A 38-Year-Old Woman With Debilitating Premenstrual Pain

Linda A. Dultz, MD, MPH; Karina L. Vivar; Suzanne MacFarland; MaryAnn Hopkins, MD, MPhil

Disclosures

July 26, 2019

Editor's Note:
The Case Challenge series includes difficult-to-diagnose conditions, some of which are not frequently encountered by most clinicians but are nonetheless important to recognize accurately. Test your diagnostic and treatment skills using the following patient scenario and corresponding questions. If you have a case that you would like to suggest for a future Case Challenge, please contact us.

Background

A 38-year-old woman presents with a 2-year history of an abdominal wall mass that has recently enlarged in size. She reports unusual sensations of soreness and pain in her abdomen associated with the mass. The symptoms are predominantly premenstrual and have progressed to the point of debilitation. She has not noticed any other masses or lesions on her body. Three years prior to presentation, the patient began experiencing menorrhagia and dysmenorrhea.

The patient's gynecologic history is significant for menarche at age 10 years, an elective abortion at age 18 years, and an ectopic pregnancy treated by left salpingectomy at age 25 years. She has never taken hormonal contraception. She underwent ovarian stimulation and uterine preparation for in vitro fertilization (IVF) at age 25 years. The patient received leuprolide prior to ovarian stimulation; she also received progesterone to ameliorate menopausal symptoms associated with leuprolide. Ovarian stimulation was achieved and was followed by successful egg retrieval. The patient later had 4 transvaginal IVF embryo transfers, resulting in 3 pregnancies and 4 children. Her first 2 children were born via normal spontaneous vaginal deliveries when the patient was aged 26 years and 28 years. At age 30 years, she gave birth to twins, one via normal spontaneous vaginal delivery and the other via cesarean delivery because of failure to progress. No unusual findings were noted at the time of cesarean delivery.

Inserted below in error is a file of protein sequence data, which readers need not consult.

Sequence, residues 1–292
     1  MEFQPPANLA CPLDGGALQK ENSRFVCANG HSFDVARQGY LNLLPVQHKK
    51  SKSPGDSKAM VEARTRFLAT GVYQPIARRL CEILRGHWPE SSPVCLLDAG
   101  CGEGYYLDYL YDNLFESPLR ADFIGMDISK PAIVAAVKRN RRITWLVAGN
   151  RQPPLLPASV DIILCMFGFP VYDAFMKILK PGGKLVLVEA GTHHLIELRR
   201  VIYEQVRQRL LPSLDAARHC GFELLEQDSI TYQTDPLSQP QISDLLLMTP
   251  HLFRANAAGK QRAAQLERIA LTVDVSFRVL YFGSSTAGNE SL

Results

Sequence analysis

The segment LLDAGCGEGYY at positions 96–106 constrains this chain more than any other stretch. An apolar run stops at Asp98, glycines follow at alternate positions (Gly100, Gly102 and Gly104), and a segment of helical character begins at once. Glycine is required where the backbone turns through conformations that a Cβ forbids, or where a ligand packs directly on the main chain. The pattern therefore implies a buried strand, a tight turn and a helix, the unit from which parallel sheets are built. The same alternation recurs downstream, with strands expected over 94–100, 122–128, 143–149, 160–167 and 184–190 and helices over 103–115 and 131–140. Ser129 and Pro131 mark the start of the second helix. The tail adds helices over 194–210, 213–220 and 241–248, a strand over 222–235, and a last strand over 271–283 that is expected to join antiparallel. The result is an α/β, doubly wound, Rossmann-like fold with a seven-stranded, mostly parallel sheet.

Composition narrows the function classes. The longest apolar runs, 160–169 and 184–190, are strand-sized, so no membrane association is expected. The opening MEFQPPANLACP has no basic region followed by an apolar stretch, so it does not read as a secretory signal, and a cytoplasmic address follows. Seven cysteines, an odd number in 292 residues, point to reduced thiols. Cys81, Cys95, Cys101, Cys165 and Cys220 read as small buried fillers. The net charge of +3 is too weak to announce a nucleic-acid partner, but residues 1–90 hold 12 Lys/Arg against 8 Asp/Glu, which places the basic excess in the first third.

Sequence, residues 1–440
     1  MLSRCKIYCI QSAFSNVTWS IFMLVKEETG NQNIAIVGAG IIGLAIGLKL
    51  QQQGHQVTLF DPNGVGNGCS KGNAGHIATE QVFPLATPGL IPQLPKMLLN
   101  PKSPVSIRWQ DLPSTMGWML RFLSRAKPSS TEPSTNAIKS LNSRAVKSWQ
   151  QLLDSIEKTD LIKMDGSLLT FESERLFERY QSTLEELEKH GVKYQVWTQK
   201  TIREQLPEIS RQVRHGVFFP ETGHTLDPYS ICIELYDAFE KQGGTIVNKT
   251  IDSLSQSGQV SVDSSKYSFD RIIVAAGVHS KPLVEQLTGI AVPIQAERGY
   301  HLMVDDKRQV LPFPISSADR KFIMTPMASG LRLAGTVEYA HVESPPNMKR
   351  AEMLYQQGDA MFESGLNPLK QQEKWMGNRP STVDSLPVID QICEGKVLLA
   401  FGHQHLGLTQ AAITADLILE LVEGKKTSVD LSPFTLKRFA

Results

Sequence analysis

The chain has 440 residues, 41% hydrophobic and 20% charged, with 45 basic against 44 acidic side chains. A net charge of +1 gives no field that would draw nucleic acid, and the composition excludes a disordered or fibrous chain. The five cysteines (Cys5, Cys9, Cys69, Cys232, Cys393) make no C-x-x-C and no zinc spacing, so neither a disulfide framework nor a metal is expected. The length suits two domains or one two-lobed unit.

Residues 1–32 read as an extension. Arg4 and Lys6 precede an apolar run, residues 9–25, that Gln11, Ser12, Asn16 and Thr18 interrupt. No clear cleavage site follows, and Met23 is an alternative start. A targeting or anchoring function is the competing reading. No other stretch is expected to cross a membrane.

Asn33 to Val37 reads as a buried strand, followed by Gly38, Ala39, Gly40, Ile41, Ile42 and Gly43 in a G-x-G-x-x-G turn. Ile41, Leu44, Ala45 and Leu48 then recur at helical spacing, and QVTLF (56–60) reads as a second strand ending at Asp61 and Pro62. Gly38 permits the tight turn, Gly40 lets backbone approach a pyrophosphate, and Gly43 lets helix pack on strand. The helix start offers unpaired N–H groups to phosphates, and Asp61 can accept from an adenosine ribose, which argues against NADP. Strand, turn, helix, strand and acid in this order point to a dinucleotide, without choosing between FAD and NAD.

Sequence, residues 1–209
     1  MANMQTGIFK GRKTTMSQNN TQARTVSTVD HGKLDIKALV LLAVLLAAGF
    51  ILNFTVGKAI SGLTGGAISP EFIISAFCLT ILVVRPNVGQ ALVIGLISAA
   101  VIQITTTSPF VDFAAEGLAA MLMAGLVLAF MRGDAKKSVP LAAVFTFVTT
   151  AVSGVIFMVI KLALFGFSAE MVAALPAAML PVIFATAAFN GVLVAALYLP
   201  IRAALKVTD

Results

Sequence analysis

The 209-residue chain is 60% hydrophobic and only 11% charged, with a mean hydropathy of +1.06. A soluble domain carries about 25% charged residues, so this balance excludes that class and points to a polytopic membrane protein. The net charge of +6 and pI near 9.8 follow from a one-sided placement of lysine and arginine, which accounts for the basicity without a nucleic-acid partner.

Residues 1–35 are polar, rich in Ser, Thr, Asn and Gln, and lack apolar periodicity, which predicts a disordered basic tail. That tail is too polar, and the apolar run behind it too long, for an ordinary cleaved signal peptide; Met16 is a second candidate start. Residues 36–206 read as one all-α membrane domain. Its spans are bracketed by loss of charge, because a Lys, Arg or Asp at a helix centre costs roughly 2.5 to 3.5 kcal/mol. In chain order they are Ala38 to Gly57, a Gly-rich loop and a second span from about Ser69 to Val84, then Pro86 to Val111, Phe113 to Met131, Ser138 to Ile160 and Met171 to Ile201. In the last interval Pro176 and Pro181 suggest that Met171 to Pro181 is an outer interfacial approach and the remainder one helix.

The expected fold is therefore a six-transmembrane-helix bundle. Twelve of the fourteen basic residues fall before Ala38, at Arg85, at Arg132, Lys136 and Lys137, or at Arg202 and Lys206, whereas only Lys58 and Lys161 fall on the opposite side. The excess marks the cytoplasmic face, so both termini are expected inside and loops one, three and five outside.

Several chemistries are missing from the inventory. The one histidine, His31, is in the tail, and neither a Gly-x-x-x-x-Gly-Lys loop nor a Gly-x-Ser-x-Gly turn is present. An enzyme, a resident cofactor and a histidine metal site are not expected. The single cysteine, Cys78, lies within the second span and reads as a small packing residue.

The patient has had no other surgeries. She has no other significant medical history. She denies any allergies and, at presentation, she is not on any medications. She denies any recent weight loss, fevers, or chills.

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